Or measured another way, does the customer experience today drive return business tomorrow? That’s it. Pretty simple, right?

What factors influence how our customers view the quality of their experience with us? Consider these:

  • Our ability to demonstrate the competence to understand the customer’s business and service requirements.
  • The ability to offer/provide services in a clear pricing model.
  • The ability to accurately exchange operations data in real time.
  • Our ability to support efficient administrative engagement.
  • The consistency of our performance on a day in and day out basis.

These among others determine whether a freight customer will come back tomorrow.

Many professionals in the transportation and logistics space can recount years and years of accomplishments. They’ve crossed the span of the entire market, less than truckload, intermodal, truckload, ocean, air, specialized, heavy haul, and even warehousing.

Some prefer to remain highly focused on a single or just a few modes or service lines. Others enjoy the breadth of having all arrows in their quiver.

Regardless whether you sell one, some, or “all of the above” service lines, you know your customer’s businesses. You know what it takes to meet your customer’s service requirements, from both experience and the whiteboard.

You have seen it all. From the challenges of your efforts toward service excellence and probably hurting your head trying to understand how your company’s technology platform can support it all.

When your company asks you to sign some form of a non-disclosure, non-solicitation, and/or a non-compete agreement, you could be trading away your own piece of the goodwill pie.

Imagine that next great job opportunity with a company. They’ve impressed you enough to consider a change, a pay increase, and the path to career growth and success in exchange for your goodwill. What do you do?

What is your goodwill worth? A Paycheck and Bonus? Job security? Benefits? Friends?

At AGX Freight Group, our sales professionals own their customer goodwill or “book of business.”

Our business model recognizes the time, sweat, and effort these professionals invest to build customer goodwill. Their relationships follow them for their professionalism, the knowledge of their customer’s businesses, their integrity, and a genuine sense of relationship “goodwill.”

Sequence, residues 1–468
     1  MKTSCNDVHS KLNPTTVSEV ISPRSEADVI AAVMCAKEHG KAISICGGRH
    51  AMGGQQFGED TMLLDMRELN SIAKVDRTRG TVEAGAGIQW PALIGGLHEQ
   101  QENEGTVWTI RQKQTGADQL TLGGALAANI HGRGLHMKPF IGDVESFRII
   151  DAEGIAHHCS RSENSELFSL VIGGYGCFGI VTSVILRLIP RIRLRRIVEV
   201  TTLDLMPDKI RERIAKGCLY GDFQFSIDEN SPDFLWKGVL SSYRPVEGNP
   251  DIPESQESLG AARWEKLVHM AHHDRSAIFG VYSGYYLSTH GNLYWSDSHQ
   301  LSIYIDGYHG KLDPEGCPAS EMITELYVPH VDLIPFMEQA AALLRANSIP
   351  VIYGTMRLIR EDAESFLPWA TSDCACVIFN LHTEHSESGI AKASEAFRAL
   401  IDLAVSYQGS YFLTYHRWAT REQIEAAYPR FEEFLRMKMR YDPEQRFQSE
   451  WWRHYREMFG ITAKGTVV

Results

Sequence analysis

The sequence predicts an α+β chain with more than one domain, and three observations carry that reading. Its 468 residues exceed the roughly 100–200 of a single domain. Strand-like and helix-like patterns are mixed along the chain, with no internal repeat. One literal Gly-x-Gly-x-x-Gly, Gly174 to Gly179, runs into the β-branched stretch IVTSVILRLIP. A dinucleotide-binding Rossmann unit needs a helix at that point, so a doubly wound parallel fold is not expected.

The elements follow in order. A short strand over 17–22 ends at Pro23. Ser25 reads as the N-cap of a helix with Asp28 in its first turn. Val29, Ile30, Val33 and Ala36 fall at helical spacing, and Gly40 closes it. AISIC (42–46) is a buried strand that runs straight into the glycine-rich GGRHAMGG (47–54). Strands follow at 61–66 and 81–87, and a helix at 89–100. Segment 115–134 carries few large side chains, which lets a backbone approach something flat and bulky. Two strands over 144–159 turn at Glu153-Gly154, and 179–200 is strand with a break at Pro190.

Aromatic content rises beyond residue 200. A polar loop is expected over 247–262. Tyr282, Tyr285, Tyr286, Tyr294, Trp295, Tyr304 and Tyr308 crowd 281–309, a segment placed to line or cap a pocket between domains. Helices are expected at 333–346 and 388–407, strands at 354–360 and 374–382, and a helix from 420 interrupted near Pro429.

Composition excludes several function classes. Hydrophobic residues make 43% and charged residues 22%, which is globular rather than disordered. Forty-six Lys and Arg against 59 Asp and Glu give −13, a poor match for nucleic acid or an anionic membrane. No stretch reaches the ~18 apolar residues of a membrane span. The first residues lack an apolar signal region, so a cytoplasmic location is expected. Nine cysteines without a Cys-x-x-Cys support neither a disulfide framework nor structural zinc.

For us, our mission is simple.

We provide a versatile platform and high reputation for finance, risk management/safety and compliance, technology, and transaction processing. Sales and operations specialists can launch and run their business to achieve their greatest success.

All without fear of losing their customer goodwill, because we know it’s the most valuable business asset they own.

Mike Williams, President




Congratulations to our Crossbar Award Winner – Renea Fractor!

The AGX crossbar award is given to the individual who has best exemplified a commitment to the AGX team and brand by his or her performance.  Renea has been with the company since inception in 2016 and is our Billing & Settlements Manager.

Way to go Renea!


The Logistics of the (Easter) Egg

I don’t know about you, but for me, the very minute that Winter Solstice begins, I am counting the days until Spring begins! Spring brings warmer temperatures, fresh blossoms and…the Easter Bunny with lots of brightly-colored boiled eggs! YUM!

As I often do, I began to wonder how all those fragile eggs are transported without LOTS of cracking. Sure enough, an amazing system is in place JUST for EGGS, thanks to some very interesting inventions and MANY talented logistics agents, carriers and drivers!

 It turns out that eggs are BIG BUSINESS, even after the Easter Bunny has gone back down the rabbit hole.

What does this business look like once logistics is involved?  

There are very strict rules in place for the transportation of human grade food, and shell eggs are certainly no exception. According to Egg Safety, vehicles transporting food must be dedicated to only transporting food, per federal law which states:

  • Shell eggs packed for consumers must be stored and transported under refrigeration at an ambient air temperature not to exceed 45° F.         
  • All packed shell eggs must be labeled with a statement that refrigeration is required.
  • Any shell eggs imported into the United States and packed for consumer use are to include certification that they have been stored and transported at an ambient temperature of no greater than 45° F.   

To begin their journey, they start at the “layer farm” where the eggs of laying hens are collected and placed in specially-created plastic trays. Those can then be layered and stacked on purpose-built pallets to keep the shells intact across hundreds and hundreds of miles.